Posted on February 11, 2014

Man, 47, Claims He Shot Dead Unarmed Teenager Because He Thought He Had a Gun–Not Because of Loud Rap Music

Louise Boyle, Daily Mail (London), February 11, 2014

A man accused of shooting dead a teenage boy over loud rap music took the stand today in his own defense and claimed that he feared for his life on the night of the attack.

Michael Dunn, 47, is being tried on one count of first-degree murder, three counts of attempted first-degree murder and one count of firing a deadly missile into an occupied vehicle tied to the November 23, 2012 shooting that killed 17-year-old Jordan Davis in Jacksonville, Florida.

Jordan Davis

Jordan Davis

Dunn testified that prior to the shooting, he believed he was in grave danger from the men parked next to him in an SUV. He told jurors: ‘I thought I was going to be killed.’

The software developer also revealed that he said: ”’You’re not going to kill me you son of a b****” and I shot him.’

Dunn added: ‘I had every right of self-defense and I took it.’

Defense attorney Cory Strolla called Dunn as the first witness on Tuesday. Dunn described the night that he and fiancée Rhonda Rouer pulled up at a gas station following his son’s wedding to pick up some wine.

Dunn, dressed in a white shirt, green sweater and tie, choked up during the questioning on Tuesday when he discussed his fiancée and their dog Charlie.

On the night of the fatal gas station shooting, Dunn said the music from a red Dodge Durango parked next to him grew ‘really loud’ after his fiancée went into the store.

‘My review mirror was shaking, my eardrums were vibrating. It was ridiculously loud,’ Dunn said.

‘I said, ”Can you turn that down please?”’ he testified. ‘They turned it off. I said thank you.’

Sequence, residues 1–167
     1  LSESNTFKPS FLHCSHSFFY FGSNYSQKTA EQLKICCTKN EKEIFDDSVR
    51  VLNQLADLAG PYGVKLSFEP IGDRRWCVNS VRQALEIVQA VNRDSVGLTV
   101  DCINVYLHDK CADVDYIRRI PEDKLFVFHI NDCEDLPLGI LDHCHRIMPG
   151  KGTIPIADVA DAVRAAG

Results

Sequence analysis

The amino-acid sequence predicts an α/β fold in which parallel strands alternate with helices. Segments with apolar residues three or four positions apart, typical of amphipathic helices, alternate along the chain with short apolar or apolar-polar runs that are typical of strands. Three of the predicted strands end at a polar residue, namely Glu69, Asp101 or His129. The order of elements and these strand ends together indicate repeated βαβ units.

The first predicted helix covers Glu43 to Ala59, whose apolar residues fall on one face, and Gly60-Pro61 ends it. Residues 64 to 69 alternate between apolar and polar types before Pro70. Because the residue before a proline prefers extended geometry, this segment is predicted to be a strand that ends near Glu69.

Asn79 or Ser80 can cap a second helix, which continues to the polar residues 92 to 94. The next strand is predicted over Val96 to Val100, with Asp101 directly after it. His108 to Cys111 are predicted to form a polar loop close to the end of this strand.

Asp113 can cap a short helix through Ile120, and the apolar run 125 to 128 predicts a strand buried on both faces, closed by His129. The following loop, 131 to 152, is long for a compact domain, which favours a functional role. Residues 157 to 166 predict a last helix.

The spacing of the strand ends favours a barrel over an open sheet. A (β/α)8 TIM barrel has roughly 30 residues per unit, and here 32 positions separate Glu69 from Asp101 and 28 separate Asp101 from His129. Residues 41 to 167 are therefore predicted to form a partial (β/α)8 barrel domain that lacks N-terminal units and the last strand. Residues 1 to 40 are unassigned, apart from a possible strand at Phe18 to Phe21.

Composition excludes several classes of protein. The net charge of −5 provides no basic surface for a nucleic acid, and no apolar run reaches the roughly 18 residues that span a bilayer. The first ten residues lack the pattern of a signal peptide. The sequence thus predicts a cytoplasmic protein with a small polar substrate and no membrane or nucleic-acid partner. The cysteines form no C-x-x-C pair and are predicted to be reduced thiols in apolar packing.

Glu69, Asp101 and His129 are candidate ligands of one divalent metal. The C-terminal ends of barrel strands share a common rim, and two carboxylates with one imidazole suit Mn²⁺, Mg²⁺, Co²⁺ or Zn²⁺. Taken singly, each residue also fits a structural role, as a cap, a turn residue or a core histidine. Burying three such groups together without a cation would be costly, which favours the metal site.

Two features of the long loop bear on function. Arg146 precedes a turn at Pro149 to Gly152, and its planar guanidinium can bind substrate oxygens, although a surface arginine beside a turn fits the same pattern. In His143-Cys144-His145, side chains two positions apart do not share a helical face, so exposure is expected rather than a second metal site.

Dunn claimed that the music had not made him angry but described it as ‘rap c***’ and ‘obnoxiously loud’.

The young men in the Durango soon began using expletives, the word ‘cracker’ and then turned the volume back up, Dunn claimed.

‘I start hearing things like F-him and F-that,’ Dunn said. ‘It was mean-spirited.

‘When they turned the music on the second time i wasn’t going to ask them for any more favors again.

‘Now it got ugly. I had no reaction–I’m looking forward and hoping Rhonda comes out [of the store].

‘Now there’s thumping bass and he’s yelling over the bass. I hear ”I should kill that m***********.”’

‘I’m flabbergasted. Now I’m paying attention to what they are saying. Then I hear in a more elevated voice: ”I should f****** kill, that m**********.”’

Dunn added: ‘At this point, I think I should try and deescalate this.’

Dunn then claims that a young man, identified as Jordan Davis, who was seated in the rear of the car, bent down and appeared to pick up something by his feet.

The accused said that at this point, he did not reach for his pistol stored in the glove compartment of his car.

Dunn said Davis ‘came back up and slammed whatever it was against the door’.

He said: ‘I saw sticking above the windowsill about four inches of a barrel. It was a thump I heard against the door. It looked like a 12-gauge or maybe 20-gauge [shotgun].’

Dunn testified: ‘I was in fear for my life and I was stunned. I’ve never been threatened, let alone threatened with a firearm. I was incredulous–I couldn’t believe what I was hearing and seeing.’

The accused said that Davis began to get out of the car and yelled at him: ‘This s*** is going down now.’

Dunn said: ‘This is the point where my death is imminent, he made it very clear what his intentions were. I’ve never been in that position.’

The defense attorney, Cory Strolla, told the jury in his opening statement that Dunn opened fire only after seeing what looked like the barrel of a gun or a lead pipe through the Durango’s back passenger window and that he was acting in self-defense as Davis was about to get out of the car.

Police found no weapon in the Durango after the shooting.

During cross-examination, prosecutor John Guy challenged Dunn’s assertion that he had told his fiancee after the shooting that he thought one of the teens had a gun.

‘You never told the love of your life that those guys had a gun,’ Guy said. ‘Did you?’

Dunn responded: ‘You were not there.’

Guy challenged Dunn on other parts of his story, citing letters Dunn had written from jail and interviews with investigators. The prosecutor said Dunn had told detectives the day after the shooting that it could have been a stick he saw pointing from the vehicle. But Dunn countered he was just suggesting a far-fetched possibility.

Guy also suggested that Dunn was angry because he was being disrespected by a young black man. Dunn responded: ‘I was being threatened, not disrespected.’